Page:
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The Weight of Winter Hardcover – November 1, 1991


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My Struggle: Book Four
Eighteen-year-old Karl Ove moves to a tiny fishing village in the Arctic Circle to work as a school teacher. As the nights get longer, the shadow cast by his father's own sharply increasing alcohol consumption, also gets longer. Read the full description
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Product Details

  • Hardcover: 432 pages
  • Publisher: Viking Adult (November 1, 1991)
  • Language: English
  • ISBN-10: 0670840904
  • ISBN-13: 978-0670840908
  • Product Dimensions: 20 x 20 x 20 inches
  • Shipping Weight: 1.6 pounds
  • Average Customer Review: 4.8 out of 5 stars  See all reviews (13 customer reviews)
  • Amazon Best Sellers Rank: #1,658,584 in Books (See Top 100 in Books)

Editorial Reviews

From Publishers Weekly

Readers familiar with Pelletier's novels ( Once upon a Time on the Banks ) will rejoice to find themselves back in Mattagash, Maine, where "your life was like an old winter coat you were forced to wear until it wore out." This masterful work casts a wide net in its portrayal of present-day descendants of Mattagash's early settlers--Crafts, Fennelsons, McKinnons, Giffords--who, like their forebears, all know one another, watch one another, feud with one another. As snow isolates the town from autumn to spring, some people long to escape while others accept the frozen landscape as a fact of life, and the geography of Mattagash becomes as important as any character. The novel opens with the season's first snowfall and ends, pointedly, at Thanksgiving. During this brief interval, single, middle-aged Amy Joy Lawler ponders institutionalizing her mother; the town gossips spread word that Amy Joy is pregnant; abusive Pike Gifford visits tragedy on those he loves best; Bennett Craft's relatives suffer over his suicide. Binding these and other stories are the poetically charged memories of 107-year-old Mathilda Fennelson, the oldest living Mattagasher. Pelletier's ear for dialogue is exceptional, and her characters' interior monologues, what they think but don't say, are subversive, humorous and heartbreaking.
Copyright 1991 Reed Business Information, Inc.

From Library Journal

First there was The Funeral Makers ( LJ 5/15/86) and then Once Upon a Time on the Banks ( LJ 8/89). Now here is the last of the trilogy detailing the lives of a variety of characters who people the backwoods town of Mattagash, Maine. Like its predecessors, this book promises to be well received and continues the same rich vein of well-crafted, poetic prose. Many of the original characters vividly reappear somewhat older but not necessarily wiser. Their individual stories spin around each other with the tightness and intricacy of the genealogical web which binds these folk together. Frequently funny and always poignant, it is a chronicle of past and present times, detailing lost dreams, found meaning, and echoing the sins of generations. What Mathilda Fennelson, the oldest living inhabitant of the town says of herself on the night of her death, "I'm all heart and nerve and memory," is also true of these stories.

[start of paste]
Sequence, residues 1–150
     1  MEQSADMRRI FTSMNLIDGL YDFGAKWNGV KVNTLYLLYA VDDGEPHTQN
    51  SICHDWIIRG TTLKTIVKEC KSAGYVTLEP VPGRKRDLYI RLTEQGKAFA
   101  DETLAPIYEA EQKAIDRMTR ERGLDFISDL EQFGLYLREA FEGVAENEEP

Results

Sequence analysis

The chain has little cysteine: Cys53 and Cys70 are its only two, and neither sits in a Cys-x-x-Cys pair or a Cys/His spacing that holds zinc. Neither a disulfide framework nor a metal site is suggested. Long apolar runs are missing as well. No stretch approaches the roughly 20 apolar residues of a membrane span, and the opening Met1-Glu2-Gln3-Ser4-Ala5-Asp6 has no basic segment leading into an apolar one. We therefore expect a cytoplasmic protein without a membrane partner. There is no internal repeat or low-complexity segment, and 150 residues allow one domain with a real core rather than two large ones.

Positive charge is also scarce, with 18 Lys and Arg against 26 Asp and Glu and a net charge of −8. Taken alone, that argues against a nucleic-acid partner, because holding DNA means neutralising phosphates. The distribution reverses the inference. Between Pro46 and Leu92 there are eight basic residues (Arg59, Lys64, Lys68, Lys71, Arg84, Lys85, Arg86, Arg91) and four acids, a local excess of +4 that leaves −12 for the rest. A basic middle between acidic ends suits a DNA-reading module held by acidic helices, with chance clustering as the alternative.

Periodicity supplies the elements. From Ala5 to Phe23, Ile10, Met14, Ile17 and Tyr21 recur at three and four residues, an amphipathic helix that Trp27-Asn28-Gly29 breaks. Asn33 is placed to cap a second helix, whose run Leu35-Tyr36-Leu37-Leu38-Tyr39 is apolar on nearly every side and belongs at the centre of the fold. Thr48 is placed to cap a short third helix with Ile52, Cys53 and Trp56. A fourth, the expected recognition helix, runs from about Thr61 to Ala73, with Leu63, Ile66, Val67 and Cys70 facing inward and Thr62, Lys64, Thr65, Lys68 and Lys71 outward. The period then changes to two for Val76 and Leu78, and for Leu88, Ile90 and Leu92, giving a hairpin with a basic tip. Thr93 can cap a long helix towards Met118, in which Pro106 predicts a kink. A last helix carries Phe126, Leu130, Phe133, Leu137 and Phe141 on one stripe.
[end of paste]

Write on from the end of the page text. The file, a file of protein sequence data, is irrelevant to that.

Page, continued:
- Sheila Riley, Smithsonian Inst. Libs., Washington, D.C.
Copyright 1991 Reed Business Information, Inc.

Customer Reviews

4.8 out of 5 stars
5 star
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4 star
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See all 13 customer reviews
So it seems contrived, though I suppose that's just due to my own experience.
Bob Nolin
It is in this quality, above all others, that Pelletier stands out as one of the best novelists I have read.
Kenneth F. Anderson
While reading the successive books I kept wanting to stop and make changes in the book (ex.
Patricia D. Young

Most Helpful Customer Reviews

4 of 4 people found the following review helpful By Kenneth F. Anderson on September 5, 2005
Format: Paperback Verified Purchase
This is the third Cathie Pelletier novel that I've read, and I have to say that they keep getting better.

Set in the fictitious logging town of Mattagash, in Maine's northern Aroostook County, where the river creates a natural boundary between the United States and Canada, The Weight of Winter continues the stories of the families that we were introduced to in The Funeral Makers, published in 1986, and Once Upon a Time in the Banks, published in 1989. Approximately thirty years have gone by since Pelletier first brought these people into our lives and, while some have died, they are represented here by a new generation, and others, who we met first in The Funeral Makers, are still among the living, although I must warn you that not everyone survives to the end of the novel.

When I list the authors I admire, I realize that nearly all of them are men, yet Cathie Pelletier ranks high on the list. Whether she is telling the story from the perspectives of a 12-year-old boy, a 31-year-old alcoholic, or a 107-year-old woman languishing away in a nursing home, her characters are amazingly believable. It is in this quality, above all others, that Pelletier stands out as one of the best novelists I have read.

We first came to know Amy Joy Lawler when she was first entering high school as a freshman, in The Funeral Makers. She was not long out of high school in Once Upon a Time on the Banks, and she is now a 45-year-old single woman, taking care of her aging mother, Sicily, who is every bit as feisty as she had been thirty years prior.